Chuck Yeager, First Pilot to Break the Sound Barrier, Dies at 97

World War II flying ace and groundbreaking test pilot’s career was depicted in “The Right Stuff”

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Chuck Yeager, perhaps the most well-known test pilot of all time who in 1947 became the first person ever to break the sound barrier, died Monday. He was 97.

The news was announced on Yeager’s official Twitter account via a statement from his wife, Victoria, on Monday night.

“It is w/ profound sorrow, I must tell you that my life love General Chuck Yeager passed just before 9pm ET. An incredible life well lived, America’s greatest Pilot, & a legacy of strength, adventure, & patriotism will be remembered forever,” the statement said.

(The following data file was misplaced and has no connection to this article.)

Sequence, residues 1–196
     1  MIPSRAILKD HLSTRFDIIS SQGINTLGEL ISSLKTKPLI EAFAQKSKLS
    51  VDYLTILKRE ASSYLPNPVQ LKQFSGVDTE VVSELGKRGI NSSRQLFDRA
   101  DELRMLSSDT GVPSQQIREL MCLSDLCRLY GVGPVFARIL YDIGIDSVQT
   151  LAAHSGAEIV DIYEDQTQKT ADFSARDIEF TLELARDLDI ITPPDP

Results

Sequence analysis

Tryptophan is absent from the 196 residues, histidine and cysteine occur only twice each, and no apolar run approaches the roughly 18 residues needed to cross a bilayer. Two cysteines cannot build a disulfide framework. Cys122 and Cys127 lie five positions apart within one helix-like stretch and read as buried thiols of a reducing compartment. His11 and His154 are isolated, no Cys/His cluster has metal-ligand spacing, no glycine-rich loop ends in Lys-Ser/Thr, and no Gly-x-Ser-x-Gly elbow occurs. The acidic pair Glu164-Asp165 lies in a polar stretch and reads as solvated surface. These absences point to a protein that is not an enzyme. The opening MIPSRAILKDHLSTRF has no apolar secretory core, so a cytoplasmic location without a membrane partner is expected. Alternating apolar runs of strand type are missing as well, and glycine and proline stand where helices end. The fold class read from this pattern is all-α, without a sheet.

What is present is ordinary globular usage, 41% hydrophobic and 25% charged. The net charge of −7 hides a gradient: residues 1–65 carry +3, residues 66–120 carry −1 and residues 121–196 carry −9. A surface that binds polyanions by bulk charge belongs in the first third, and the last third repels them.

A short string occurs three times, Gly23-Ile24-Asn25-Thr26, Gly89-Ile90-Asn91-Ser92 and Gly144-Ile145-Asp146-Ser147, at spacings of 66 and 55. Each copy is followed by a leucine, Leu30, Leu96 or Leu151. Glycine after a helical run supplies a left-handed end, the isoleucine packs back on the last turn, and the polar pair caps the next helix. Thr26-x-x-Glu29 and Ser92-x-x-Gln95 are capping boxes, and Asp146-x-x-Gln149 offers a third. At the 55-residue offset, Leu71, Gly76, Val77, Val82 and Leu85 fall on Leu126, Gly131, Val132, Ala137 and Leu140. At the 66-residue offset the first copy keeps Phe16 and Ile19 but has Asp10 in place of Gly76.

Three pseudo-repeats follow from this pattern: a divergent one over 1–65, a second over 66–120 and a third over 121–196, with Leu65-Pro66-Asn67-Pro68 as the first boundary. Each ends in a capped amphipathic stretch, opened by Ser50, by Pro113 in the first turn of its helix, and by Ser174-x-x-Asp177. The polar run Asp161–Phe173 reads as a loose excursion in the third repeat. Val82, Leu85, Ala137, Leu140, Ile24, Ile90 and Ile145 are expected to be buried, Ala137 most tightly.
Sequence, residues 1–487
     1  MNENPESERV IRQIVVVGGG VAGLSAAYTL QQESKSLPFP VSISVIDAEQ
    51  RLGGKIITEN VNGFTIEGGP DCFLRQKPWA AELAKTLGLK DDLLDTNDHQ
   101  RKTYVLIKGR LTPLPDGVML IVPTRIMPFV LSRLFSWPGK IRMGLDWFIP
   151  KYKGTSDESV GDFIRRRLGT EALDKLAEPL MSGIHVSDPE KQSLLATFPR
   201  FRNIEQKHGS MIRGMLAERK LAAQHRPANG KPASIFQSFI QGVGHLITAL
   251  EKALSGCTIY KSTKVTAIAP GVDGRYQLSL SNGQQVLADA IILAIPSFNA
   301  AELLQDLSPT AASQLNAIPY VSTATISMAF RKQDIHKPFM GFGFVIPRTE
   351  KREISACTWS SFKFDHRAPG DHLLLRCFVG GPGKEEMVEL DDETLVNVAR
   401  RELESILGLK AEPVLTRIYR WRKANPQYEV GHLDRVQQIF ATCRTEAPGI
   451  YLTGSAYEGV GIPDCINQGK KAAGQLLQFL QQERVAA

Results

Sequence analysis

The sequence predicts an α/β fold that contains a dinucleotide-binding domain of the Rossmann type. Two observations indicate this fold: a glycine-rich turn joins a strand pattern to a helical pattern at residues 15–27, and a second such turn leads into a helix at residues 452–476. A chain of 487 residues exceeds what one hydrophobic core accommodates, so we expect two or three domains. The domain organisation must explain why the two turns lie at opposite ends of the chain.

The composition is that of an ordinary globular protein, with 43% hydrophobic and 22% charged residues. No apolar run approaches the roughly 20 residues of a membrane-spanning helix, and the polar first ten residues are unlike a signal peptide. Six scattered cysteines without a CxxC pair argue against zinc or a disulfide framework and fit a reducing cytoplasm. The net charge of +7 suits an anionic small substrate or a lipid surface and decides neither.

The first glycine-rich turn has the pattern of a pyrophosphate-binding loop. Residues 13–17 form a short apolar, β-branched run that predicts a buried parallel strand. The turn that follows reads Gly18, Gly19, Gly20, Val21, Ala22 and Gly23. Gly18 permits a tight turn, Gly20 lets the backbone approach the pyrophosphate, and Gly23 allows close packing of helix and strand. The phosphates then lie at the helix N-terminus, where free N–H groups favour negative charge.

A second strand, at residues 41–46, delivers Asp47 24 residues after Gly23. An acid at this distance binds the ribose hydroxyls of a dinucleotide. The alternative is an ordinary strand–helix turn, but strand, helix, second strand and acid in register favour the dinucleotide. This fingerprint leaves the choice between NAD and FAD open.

Famous during his 30-year long military career for his groundbreaking work as a test pilot, Yeager became a cultural icon thanks to Tom Wolfe’s 1979 novel “The Right Stuff,” which tracks the creation and early successes and setbacks of the American space program. Wolfe consulted with Yeager while researching the book, and ultimately framed the story around Yeager’s generation of test pilots who emerged after World War II.

As depicted in the novel and its adaptations, the qualities these pilots had both in their plans and as people — the “right stuff” of the title — were as precisely what the organization that would eventually become NASA wanted in its astronauts. Unfortunately, they were mainly enlisted men who earned officer’s commissions, and subsequently were shut out of consideration when NASA declared that only college graduates would be considered.

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